This four-LP set, which is now also available as a three-CD box, is easily the definitive Fletcher Henderson package. Between 1923-38, Henderson's orchestra was one of the finest swing bands in the world, and during 1923-27 (until Duke Ellington's emergence) it was the first and the best. The arrangements of Don Redman in the early days set the pace for jazz; Benny Carter and Horace Henderson also wrote some important charts before Henderson himself finally developed into a major arranger in 1932. This Columbia set is not complete, but it includes 64 selections, at least 60 of them gems. This essential box (which contains three wonderful versions of "King Porter Stomp") belongs in everyone's jazz collection.
We have combined in two volumes the splendid recordings made by Louis Armstrong during his employment as a sideman in the Fletcher Henderson Orchestra. Obviously, and with immense satisfaction, we omitted all those sides in which, although Louis is present, he doesn't perform as a soloist , so boring and tedious were Mr Henderson's routines in those days. ~ from Linear Notes
Thirteen hours of unreleased and ultra-rare music. The Eternal Myth Revealed is a 14 disc docu-biography of Ra's life and career, from his birth in 1914 up to 1959. In addition to his own music, it includes music he was influenced by, and a lot of stuff he may or may not have had a hand in as arranger, vocal coach, pianist or something else. Sun Ra's output was as prolific as Ellington's, and discographers have had nightmares and arguments attempting to document it accurately.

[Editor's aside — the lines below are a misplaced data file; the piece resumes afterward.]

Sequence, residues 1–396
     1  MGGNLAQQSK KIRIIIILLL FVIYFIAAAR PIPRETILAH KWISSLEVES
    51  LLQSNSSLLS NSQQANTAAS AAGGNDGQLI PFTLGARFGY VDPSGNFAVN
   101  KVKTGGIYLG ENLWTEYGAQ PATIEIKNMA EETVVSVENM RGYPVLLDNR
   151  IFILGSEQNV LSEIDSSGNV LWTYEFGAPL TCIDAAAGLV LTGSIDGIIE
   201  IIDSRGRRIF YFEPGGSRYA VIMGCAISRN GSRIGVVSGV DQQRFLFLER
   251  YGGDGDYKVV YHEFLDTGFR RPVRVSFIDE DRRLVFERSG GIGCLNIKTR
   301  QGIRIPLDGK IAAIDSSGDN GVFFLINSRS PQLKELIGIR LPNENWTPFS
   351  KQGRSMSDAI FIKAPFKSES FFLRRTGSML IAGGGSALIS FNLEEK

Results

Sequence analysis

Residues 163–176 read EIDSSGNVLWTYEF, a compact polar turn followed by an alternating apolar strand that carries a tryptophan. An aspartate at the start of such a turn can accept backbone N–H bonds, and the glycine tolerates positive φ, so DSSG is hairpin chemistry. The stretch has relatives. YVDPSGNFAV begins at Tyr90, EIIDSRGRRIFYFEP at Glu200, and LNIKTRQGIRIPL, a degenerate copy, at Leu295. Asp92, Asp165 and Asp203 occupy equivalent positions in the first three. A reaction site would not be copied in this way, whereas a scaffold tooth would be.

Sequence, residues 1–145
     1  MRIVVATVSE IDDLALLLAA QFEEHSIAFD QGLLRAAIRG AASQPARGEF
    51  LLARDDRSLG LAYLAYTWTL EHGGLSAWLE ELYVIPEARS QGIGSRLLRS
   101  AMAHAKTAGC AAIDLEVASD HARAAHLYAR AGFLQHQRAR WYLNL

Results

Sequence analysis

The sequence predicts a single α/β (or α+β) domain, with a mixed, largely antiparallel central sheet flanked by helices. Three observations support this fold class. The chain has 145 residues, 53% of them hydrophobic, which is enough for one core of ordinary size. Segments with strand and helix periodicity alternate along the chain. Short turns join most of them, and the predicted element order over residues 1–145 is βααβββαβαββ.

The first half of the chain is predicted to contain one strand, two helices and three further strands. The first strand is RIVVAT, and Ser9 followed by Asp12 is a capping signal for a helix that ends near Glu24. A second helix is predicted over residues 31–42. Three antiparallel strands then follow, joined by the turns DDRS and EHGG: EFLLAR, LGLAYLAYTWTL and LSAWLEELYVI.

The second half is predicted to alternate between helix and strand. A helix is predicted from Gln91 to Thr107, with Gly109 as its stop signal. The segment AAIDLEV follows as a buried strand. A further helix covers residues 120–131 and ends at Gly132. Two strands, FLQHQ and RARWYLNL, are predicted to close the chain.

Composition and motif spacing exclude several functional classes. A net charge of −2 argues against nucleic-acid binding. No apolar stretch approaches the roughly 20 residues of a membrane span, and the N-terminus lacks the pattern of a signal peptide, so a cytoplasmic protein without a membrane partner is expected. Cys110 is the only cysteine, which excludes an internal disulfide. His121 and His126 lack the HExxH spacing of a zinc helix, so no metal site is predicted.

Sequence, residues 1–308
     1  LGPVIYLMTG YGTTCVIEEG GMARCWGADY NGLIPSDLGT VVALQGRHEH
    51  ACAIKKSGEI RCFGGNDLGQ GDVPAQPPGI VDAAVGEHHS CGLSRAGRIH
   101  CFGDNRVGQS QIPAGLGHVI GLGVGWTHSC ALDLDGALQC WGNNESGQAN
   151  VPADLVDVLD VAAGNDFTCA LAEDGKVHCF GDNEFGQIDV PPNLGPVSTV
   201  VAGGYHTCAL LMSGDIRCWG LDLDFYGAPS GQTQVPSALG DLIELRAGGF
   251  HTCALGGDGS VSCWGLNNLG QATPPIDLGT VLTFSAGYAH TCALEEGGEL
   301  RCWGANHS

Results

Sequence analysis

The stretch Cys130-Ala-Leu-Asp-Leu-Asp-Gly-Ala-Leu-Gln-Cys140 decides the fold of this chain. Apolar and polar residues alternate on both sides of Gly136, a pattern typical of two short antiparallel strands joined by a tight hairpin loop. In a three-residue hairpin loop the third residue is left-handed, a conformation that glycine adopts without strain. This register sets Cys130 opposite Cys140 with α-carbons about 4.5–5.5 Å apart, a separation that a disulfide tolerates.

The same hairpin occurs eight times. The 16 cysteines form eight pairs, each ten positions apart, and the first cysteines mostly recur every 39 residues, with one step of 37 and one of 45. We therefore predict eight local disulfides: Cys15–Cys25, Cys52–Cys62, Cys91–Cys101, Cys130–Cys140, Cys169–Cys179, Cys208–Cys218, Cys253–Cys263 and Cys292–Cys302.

This CD contains the best recordings from the early years of the fiery trumpeter Roy Eldridge. Eldridge, one of the great swing trumpeters and a powerful player into the 1970s, is heard with Teddy Hill's orchestra, backing singer Putney Dandridge, on four titles with Fletcher Henderson (including the hit "Christopher Columbus"), starring on a four-song session with Teddy Wilson, joining Billie Holiday on "Falling in Love Again," soloing on two numbers with Mildred Bailey (his "I'm Nobody's Baby" solo is years ahead of its time), and, best of all, leading a small group through six songs (plus an alternate) from his own explosive sessions of January 1937. This brilliant music is essential for all serious jazz collections.
Each box contains 25 slipcase CDs, a booklet (up to 186 pages) and an index. The booklets contain extensive notes (Eng/Fr) with recording dates and line-ups. 31 hours of music in each box, totalling 1677 tracks Each track has been restored and mastered from original sources. The only reason I can think of for there not yet being a review of these four boxed sets, is that those who own them are just too busy having one hell of a blast listening to them. Some people moan about the 50 year copyright law for audio recordings in Europe, but without it this highly entertaining, eye-opening and educational undertaking could never have taken place. These 100 discs (spread over four boxed sets of 25 discs) tell the story of jazz from 1898 to 1959.